A full-page ad in the Billboard magazine for the week ending May 7, 1977, carried the message in clear, declarative verbiage, a call to arms displayed above the vibrant, smiling face of a new voice in R&B.
“Keith Barrow is why you should pay attention to this debut album.”
This was a bold statement, especially when you consider the competition perched on record store shelves in those days. The Soul LPs survey for that week was quite the musical menagerie: “Marvin Gaye Live at the London Palladium” was at the top, “Teddy Pendergrass” and Natalie Cole’s “Unpredictable” were sitting in the Top 10, The Steve Miller Band’s “Fly Like an Eagle” and “The Jacksons” hovered in the middle and the eponymous debut album by a beautiful young soul-jazz singer named Phyllis Hyman made its first chart appearance. Indeed, it was a period when soul, disco and rock sang in unison, captivating listeners spanning all shades of the color spectrum.
And it was the perfect time for Chicago’s Keith Barrow to let his major-label career take flight.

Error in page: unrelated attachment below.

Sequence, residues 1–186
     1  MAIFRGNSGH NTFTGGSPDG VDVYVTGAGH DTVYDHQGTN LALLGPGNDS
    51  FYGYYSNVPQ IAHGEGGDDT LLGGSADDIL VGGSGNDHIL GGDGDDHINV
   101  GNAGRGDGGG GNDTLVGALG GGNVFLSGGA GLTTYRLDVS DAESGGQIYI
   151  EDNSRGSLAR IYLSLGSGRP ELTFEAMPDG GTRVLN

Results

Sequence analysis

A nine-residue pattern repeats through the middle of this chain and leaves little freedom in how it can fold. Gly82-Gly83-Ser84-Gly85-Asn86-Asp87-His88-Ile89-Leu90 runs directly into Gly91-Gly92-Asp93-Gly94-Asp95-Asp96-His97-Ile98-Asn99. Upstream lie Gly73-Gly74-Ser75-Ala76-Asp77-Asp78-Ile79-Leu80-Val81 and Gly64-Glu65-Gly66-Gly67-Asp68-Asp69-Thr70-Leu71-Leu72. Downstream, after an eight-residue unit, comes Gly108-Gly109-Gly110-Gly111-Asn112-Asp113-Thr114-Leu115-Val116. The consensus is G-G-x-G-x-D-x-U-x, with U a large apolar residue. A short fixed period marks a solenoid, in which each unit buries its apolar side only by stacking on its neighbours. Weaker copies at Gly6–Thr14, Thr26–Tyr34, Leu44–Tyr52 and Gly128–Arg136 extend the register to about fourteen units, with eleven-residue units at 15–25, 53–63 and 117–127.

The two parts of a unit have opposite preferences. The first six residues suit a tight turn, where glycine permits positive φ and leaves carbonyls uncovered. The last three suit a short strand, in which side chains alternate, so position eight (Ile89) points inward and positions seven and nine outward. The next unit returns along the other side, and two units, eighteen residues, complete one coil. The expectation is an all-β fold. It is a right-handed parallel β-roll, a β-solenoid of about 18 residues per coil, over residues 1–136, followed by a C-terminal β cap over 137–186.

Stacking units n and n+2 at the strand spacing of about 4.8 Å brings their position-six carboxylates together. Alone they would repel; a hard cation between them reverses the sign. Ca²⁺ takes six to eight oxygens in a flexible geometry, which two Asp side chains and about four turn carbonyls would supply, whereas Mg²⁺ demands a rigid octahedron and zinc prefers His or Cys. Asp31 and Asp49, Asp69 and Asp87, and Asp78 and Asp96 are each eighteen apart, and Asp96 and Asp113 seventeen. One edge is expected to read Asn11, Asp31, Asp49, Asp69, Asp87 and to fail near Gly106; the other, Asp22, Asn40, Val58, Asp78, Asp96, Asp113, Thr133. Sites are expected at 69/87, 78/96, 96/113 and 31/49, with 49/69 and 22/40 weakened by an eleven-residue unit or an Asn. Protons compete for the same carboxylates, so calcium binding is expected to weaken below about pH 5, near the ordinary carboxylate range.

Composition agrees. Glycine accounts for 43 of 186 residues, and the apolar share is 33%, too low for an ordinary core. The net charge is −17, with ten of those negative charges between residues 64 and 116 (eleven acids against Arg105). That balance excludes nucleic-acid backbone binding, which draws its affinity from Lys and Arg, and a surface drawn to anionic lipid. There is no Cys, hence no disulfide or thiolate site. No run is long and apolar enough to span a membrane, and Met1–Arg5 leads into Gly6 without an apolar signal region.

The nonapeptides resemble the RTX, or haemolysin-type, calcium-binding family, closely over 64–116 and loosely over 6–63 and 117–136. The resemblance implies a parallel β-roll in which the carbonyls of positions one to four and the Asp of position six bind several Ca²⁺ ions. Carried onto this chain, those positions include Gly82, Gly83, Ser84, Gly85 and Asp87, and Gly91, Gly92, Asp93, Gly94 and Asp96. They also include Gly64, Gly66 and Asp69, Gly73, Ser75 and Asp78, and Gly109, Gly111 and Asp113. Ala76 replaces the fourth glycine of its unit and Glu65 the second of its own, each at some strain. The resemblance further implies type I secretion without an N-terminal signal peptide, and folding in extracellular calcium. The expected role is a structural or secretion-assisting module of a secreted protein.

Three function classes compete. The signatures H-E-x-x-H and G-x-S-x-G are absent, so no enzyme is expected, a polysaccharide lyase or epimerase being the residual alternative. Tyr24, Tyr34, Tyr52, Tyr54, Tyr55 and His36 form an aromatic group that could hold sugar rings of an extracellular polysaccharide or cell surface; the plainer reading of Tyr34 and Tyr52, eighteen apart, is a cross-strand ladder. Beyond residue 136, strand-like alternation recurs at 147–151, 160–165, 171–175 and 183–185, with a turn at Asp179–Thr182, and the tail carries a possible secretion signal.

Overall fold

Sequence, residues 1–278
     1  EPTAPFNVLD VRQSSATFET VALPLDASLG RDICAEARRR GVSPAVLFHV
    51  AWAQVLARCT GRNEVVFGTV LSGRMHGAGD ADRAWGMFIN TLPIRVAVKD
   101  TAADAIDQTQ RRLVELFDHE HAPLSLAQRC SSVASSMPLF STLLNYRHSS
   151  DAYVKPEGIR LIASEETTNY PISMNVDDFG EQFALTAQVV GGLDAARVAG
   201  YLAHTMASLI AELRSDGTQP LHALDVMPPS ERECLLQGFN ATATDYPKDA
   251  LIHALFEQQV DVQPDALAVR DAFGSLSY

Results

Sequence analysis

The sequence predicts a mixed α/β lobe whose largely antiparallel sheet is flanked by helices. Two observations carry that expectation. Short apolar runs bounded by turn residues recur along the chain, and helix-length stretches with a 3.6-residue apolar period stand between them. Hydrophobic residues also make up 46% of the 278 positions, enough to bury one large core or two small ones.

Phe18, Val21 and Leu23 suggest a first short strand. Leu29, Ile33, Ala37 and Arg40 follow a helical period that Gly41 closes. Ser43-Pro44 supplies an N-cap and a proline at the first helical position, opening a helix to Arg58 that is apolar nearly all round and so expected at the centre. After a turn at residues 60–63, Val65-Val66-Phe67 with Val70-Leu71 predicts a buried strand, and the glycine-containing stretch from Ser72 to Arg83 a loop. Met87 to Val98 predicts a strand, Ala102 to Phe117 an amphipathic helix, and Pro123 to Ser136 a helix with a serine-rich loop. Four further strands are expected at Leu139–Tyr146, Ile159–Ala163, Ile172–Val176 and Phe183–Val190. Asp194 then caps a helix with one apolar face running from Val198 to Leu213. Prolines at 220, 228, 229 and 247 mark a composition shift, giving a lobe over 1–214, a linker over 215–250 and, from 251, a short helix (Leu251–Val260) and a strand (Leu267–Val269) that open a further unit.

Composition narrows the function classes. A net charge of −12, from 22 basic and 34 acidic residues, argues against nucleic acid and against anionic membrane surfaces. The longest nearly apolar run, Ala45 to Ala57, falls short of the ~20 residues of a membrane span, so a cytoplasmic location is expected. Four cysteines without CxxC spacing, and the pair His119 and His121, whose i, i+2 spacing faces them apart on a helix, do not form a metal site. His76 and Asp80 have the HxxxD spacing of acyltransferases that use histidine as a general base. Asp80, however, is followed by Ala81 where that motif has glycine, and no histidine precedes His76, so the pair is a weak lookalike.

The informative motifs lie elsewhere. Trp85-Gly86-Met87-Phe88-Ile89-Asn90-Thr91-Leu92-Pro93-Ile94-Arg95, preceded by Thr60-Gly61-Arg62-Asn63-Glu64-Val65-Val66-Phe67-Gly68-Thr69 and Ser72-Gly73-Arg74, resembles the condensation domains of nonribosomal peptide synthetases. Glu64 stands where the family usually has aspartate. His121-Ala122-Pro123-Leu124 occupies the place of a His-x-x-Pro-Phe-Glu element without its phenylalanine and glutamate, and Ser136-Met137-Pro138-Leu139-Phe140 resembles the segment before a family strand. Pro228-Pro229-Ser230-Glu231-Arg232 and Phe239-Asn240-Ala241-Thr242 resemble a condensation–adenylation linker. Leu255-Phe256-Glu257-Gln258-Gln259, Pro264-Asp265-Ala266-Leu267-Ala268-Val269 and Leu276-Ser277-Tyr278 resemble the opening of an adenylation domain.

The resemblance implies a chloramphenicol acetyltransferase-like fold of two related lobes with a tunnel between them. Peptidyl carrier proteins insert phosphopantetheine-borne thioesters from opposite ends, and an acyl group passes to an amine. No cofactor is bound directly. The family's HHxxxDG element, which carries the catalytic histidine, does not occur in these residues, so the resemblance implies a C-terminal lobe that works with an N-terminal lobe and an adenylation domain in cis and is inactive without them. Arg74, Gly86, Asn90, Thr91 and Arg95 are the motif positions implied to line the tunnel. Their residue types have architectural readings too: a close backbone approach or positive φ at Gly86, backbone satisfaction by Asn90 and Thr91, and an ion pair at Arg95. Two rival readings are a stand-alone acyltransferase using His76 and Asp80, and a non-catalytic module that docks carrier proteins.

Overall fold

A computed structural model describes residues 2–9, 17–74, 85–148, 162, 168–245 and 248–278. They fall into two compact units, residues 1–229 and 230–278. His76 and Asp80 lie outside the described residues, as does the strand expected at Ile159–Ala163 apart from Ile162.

Though he’s not talked about much today, Keith was a true talent of his era, a singer’s singer whose velvety falsetto was on par with the finesse of Eddie Kendricks and the fancy of Sylvester. The son of the Rev. Willie Barrow of Operation PUSH fame, he would record only four albums before dying at 29 in 1983 – a tragedy that fuels both a lack of knowledge of his talent and hasty, ill-conceived labels for his musical legacy. Often called a “disco singer” because of the legendary status of the dance classic “Turn Me Up,” it’s a categorization that, while hardly offensive, does not capture the spirit of his gifts. To listen to Keith’s three secular albums is to experience soulful diversity ground from the gospel that rang from his upbringing, a quality that gave everything he sang resonance. Though disco was certainly in the mix, it wasn’t the whole story.
Much like his musical output, Keith’s life was a well-rounded one. According to the obituary that ran in the Chicago Tribune on Oct. 27, 1983, he was class president at Shiloh Seventh-Day Adventist Academy, a graduate of Wartburg College and held a master’s degree in educational psychology from New York University. He also participated in the Chicago Passion Play and worked with the Kumba Players Theatrical Workshop. As multi-faceted as he was, however, music was his ultimate calling. “He had music in his bones and in his soul; he started writing music when he was eight,” Willie Barrow told the Windy City Times back in 2004.